The chaos created by the Vietnamese-Cambodian war (the Third

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Indochina War, some have called it) forced (or enabled) thousands of Cambodians to flee into refugee camps along the Thai border. And in the following months, until early 1980 when the Thais attempted to close their border, there was a constant flow of Cambodians fleeing war, famine, foreign rule and fear of the Vietnamese. In April of 1980 there were nearly 200,000 Cambodians refugees in camps in Thailand, with many more in camps along the border, the latter often controlled by Khmer Rouge guerilla forces who used the refugee camps as a place to blend-in and hide from the Vietnamese.
In 1979 the world became aware of the plight of the refugees, and of the suffering of the Cambodian people under Pol Pot. A television documentary (sponsored by the Vietnamese) by Australian journalist John Pilger, and a visit to refugee camps in Thailand by Rosalynn Carter, awakened worldwide public interest in Cambodian refugees. Voluntary agencies from around the world mobilized resources, and created the machinery necessary for enabling the refugees to leave the camps and be resettled in other countries. The next section of this paper will focus on this migration of Cambodians, along with other Southeast Asians, to the United States, their patterns of settlement in the U.S., and the special needs and opportunities presented by the presence of these people in the western world.

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The historical context presented in the last few pages should make it clear whv so many Cambodians have left their country, and sought asylum in the U.S. and other nations. Similar (although not identical) stories could be told for the refugees leaving Vietnam and Laos during the same period. The flow of refugees from Southeast Asia to the United States is divided into two "waves."* The first wave consisted largely of American dependents or Indochinese supporters of U.S. policy, whose leaving was necessitated by the fall of Saigon and Phnom Penh in 1975. Consequently, many of these "first-wave" refugees were government officials, military officers, intellectuals, businessmen, and their families. This group (numbering approximately 130,000) was comparatively more educated, and wealthier than the "second-wave" refugees of the 1980s, with a good number bringing moderate-to-large sums of money with them, as well as having a number of American contacts in some cases (Strand, 1985).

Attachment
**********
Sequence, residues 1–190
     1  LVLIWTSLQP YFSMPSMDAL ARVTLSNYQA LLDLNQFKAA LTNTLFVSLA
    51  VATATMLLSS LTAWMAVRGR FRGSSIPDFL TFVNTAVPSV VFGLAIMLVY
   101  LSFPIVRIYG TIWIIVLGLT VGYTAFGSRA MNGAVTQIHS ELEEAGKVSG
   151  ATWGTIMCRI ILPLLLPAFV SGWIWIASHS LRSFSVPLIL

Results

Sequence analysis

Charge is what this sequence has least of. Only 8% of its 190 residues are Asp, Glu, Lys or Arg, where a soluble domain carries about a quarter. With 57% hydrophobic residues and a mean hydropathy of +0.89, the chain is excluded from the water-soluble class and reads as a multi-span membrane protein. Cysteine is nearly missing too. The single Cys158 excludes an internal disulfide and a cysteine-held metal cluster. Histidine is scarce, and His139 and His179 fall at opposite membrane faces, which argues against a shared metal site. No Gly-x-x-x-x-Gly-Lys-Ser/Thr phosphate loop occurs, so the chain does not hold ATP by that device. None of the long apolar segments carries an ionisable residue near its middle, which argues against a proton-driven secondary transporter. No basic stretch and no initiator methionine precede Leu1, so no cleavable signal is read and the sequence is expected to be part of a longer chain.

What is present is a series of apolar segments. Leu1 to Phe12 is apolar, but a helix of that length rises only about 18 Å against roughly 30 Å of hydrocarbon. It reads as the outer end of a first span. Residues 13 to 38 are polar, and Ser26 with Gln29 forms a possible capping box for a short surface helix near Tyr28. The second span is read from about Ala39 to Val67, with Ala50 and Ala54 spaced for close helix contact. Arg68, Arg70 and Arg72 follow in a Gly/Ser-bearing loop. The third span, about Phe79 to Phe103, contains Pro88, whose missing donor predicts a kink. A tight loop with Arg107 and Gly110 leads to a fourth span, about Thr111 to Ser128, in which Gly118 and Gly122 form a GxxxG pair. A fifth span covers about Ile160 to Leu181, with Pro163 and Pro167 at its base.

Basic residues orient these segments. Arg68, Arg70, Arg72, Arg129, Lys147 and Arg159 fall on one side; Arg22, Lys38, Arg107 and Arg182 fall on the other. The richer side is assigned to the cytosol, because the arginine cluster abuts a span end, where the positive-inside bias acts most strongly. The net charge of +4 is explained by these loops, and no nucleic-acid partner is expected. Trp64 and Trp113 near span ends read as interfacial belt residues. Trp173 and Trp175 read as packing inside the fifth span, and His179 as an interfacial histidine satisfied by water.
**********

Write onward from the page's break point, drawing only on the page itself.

*It should be pointed out that there are still over 130,000 refugees from Laos, Cambodia and Vietnam in camps in Thailand, as well as over 230,000 Cambodians in camps along the Cambodia/Thai border (U.S. Committee for Refugees, 1986). The status, safety and future of these victims of war all remain in doubt; as resettlement countries decrease the number of refugees they will accept, international support for these refugees is declining, and the guerilla war being carried out by the Sihanouk/Khmer Rouge forces (along with the Khmer Peoples National Liberation Front) against the Vietnamese-backed government in Cambodia is intensifying. Also, the Thai government is becoming less willing to permit the existance of large camps within its border, blaming western governments for being unwilling to process refugees for relocation. There are those who suggest that the Thais prefer to have a large number of Cambodians along the border (but within Cambodian territory) to act as a buffer against the possibility of Vietnamese aggression. At any rate, Thailand has closed Khao I Dang camp, the largest and most famous camp (and the setting for the final scenes of the movie "The Killing Fields"). The 26,000 residents of Khao I Dang (which at one time housed 140,000) will lose their legal status as refugees, and become "displaced persons," who can then be returned to Cambodia.

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The first wave of educated, middle-class refugees played an important role in establishing a base community in asylum countries, preparing for the massive onslaught of second-wave refugees. Cambodians did not flee their country in large numbers during this time probably because they believed (or at least hoped) that the Khmer Rouge victory would finally end the years of fighting and bring peace. They did not anticipate what life under the Khmer Rouge would be like.
The Vietnamese invasion of Cambodia in 1978 forced (or enabled)
100,000 Cambodians to flee across the border and into Thailand. By 1980 famine had caused over 150,000 Cambodians to seek refuge in Thailand. During the same period, 85,000 refugees left Vietnam in small, overloaded boats not built for the open seas. Sixty percent of these "boat people" were ethnic Chinese fleeing racial persecution. (The Chinese in Vietnam, as in Cambodia, were the merchant class, and were thus the object of communist persecution, which was exacerbated by racial tensions due to the Sino-Vietnamese border war in 1979. Their entrepreneurial background is evident in the commercial activity of Chinese refugees from Vietnam and Cambodia when they reach the U.S., where they frequently start their own small businesses). The "boat people" were also escaping bad weather (and the consequent drop in food availability) as well as a rapidly deteriorating economy (Strand, 1985). With the exception of the Chinese merchant class, the second wave of refugees contained mostly farmers and fishermen, who were generally younger, poorer,and less well-educated than their firstwave counterparts.